After a stunning defeat on Oct. 1, the Quebec Liberals handed over the reigns of power to the Coalition Avenir Québec (CAQ) on Thursday.
Winning 74 of 125 seats at the National Assembly, the CAQ now form a majority government with leader François Legault officially becoming Quebec’s 42nd premier.
“This government is your government,” Legault said.
“We will work with all of our strength, with all of our heart for you.”
The Quebec Liberals, who governed for 13 of the last 15 years, will sit as the Official Opposition.
In the few weeks leading up to the changing of the guard, Legault has said his top priorities were health, education and the economy.
On Thursday afternoon, he unveiled his team of cabinet ministers tasked with meeting those objectives.
Legault faced a daunting task, having promised a small cabinet made up of 20 to 25 ministers. He also promised equal representation of men and women.
Of the 74 ministers elected under the CAQ banner, 28 are women and 46 are men.
In addition to gender parity, Legault has to ensure regional representation and a fair distribution of ministerial positions between returning and newly elected MNAs. Roughly two-thirds of CAQ MNAs are new to the legislature.
CAQ MNA Genviève Guilbault, who represents the Louis-Hébert riding, was the first cabinet member to be sworn in. She was named Deputy Premier, and public security minister, as well as the minister responsible for the Capitale-Nationale.
Simon Jolin-Barrette was named immigration, diversity and inclusion minister — a position that will come with significant challenges.
The CAQ’s proposal on decreasing immigration levels has already raised eyebrows in Ottawa, as has its proposed ban on religious symbols for certain civil servants in positions of authority.
Thousands took to the street in Montreal in a recent protest to denounce the proposed ban, but the CAQ has maintained its position, saying it intends to introduce legislation to that effect.
Legault has also said he would– if need be — introduce the notwithstanding clause to ensure the ban goes ahead.
Sonia LeBel was handed justice, status of women and Canadian relations, while Danielle McCann will handle health and social services.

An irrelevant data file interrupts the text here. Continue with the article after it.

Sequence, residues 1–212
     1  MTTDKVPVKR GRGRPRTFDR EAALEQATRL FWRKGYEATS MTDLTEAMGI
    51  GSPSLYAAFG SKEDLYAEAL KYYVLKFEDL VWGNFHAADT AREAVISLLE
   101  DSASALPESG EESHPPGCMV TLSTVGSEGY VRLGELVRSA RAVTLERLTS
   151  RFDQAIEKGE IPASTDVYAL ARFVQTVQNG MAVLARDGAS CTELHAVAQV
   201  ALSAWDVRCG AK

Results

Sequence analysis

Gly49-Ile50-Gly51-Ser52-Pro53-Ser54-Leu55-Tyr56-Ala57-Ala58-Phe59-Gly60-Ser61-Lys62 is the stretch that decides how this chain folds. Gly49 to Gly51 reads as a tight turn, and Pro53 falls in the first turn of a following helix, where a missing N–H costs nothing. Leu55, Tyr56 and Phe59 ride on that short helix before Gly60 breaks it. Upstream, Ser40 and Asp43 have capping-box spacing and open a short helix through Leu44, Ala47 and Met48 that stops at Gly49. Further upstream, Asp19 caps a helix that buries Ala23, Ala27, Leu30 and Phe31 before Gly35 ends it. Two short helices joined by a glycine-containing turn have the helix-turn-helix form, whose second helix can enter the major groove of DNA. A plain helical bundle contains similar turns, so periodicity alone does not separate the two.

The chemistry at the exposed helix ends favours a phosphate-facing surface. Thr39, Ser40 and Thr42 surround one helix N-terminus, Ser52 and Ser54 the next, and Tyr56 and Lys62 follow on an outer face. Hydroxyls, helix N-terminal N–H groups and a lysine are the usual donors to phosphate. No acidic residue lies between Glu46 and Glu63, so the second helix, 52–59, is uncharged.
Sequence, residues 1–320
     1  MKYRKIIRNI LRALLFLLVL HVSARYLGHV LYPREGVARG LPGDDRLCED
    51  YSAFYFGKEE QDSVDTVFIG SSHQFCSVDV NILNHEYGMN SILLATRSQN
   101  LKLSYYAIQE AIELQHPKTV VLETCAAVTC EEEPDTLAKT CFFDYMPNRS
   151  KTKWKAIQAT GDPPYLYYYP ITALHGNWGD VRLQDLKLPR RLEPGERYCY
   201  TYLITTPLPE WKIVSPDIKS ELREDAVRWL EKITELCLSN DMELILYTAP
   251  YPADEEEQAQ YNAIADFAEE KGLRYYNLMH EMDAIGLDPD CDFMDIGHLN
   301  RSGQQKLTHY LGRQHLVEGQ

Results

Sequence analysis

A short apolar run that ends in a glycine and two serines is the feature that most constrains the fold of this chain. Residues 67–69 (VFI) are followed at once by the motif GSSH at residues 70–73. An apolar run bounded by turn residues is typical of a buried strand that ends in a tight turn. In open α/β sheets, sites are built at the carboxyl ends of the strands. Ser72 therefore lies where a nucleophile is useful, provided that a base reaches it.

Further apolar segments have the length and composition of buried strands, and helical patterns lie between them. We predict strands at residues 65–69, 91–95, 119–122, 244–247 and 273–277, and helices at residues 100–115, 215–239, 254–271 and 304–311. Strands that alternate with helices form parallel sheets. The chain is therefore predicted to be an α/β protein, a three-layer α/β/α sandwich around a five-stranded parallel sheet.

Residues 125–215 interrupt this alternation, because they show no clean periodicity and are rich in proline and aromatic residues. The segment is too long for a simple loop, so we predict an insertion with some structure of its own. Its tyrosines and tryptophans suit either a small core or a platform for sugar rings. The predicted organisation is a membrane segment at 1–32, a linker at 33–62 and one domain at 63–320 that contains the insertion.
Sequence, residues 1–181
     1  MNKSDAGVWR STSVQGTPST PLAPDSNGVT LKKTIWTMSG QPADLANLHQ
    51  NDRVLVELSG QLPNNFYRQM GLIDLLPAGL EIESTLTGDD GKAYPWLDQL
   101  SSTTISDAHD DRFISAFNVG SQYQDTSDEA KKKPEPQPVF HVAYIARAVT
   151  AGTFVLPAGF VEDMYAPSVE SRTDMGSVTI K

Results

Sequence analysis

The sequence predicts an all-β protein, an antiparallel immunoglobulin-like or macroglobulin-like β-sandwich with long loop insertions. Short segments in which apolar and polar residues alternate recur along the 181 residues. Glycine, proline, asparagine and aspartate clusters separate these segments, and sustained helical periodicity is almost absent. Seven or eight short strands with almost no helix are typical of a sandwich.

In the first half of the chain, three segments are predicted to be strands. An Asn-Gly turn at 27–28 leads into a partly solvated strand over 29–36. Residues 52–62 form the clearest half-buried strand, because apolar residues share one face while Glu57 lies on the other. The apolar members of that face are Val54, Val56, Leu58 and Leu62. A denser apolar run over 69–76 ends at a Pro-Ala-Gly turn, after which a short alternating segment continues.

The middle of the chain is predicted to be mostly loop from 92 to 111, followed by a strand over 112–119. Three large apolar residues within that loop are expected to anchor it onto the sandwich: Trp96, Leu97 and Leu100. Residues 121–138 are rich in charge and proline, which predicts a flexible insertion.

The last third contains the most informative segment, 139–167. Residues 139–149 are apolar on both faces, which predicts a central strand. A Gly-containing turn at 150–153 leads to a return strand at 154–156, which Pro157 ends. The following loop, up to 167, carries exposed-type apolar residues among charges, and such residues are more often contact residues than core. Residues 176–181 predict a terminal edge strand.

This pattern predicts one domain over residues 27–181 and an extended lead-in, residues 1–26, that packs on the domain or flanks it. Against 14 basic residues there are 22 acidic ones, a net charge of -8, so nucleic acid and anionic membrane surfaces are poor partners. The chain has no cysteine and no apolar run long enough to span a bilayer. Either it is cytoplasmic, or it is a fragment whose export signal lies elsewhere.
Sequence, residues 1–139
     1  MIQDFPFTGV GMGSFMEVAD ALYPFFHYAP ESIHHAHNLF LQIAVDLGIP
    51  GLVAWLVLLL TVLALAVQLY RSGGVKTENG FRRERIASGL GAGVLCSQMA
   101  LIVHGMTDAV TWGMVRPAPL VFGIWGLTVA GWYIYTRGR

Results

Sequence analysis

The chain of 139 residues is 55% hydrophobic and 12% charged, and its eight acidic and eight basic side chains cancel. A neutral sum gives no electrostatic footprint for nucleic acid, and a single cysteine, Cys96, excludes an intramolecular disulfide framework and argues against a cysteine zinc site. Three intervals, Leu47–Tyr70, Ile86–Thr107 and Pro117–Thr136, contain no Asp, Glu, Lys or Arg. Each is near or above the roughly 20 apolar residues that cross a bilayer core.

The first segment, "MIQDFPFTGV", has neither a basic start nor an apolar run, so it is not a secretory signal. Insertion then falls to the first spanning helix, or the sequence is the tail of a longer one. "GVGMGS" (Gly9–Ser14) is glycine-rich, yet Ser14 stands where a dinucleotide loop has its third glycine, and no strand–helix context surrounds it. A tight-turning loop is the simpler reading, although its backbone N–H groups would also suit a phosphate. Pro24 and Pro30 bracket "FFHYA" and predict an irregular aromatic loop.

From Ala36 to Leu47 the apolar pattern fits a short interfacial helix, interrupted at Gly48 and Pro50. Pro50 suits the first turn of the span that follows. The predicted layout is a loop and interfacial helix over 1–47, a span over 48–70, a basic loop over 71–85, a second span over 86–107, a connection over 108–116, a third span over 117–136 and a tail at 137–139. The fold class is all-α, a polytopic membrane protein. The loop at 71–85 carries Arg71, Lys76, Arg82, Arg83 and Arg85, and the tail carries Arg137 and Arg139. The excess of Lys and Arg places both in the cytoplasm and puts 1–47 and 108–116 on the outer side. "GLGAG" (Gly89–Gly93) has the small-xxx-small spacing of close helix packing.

Other important portfolios were distributed as follows:
- Jean-François Roberge Education Minister, with Olympic gold medalist Isabelle Charest named minister-delegate of education
- Pierre Fitzgibbon Economy Minister
- François Bonnardel Transport Minister
- Eric Girard Finance Minister
One notable surprise was that Legault did not name an Anglo affairs minister. Christopher Skeete, an Anglophone within the CAQ, was believed to be a shoe-in for the position. He nonetheless will be in charge of the Secretariat for relations with English-speaking Quebecers, as parliamentary secretary.
Following the swearing-in ceremony, Legault addressed the crowd, with an emotional tribute to his 89-year-old mother.
“Thank you mom,” he said. “You gave me everything.”
He also thanked his sons for inspiring him and his wife for making it all possible.
Legault then went on to outline the merits of his new cabinet.
When all was said and done, Legault made good on most of his promises, naming 26 ministers in all, 13 men and 13 women.
“Our cabinet reflects a fundamental value in Quebec, that of equality between men and women,” Legault said.
Legault campaigned on a promise of change and pointed out his team was made up of fresh faces.
“Except for Marguerite and myself, all ministers are occupying this position for the first time ever,” he said, adding he felt it was a strength and not a weakness.
“The Quebec government needs renewal.”
While the new cabinet ministers may be political rookies, Legault lauded their work experience, noting many had entrepreneurial and management backgrounds — qualities he sees as key to improving the province’s economy.
“We have an economic dream team,” Legault said.
— With files from Global’s Raquel Fletcher and La Presse Canadienne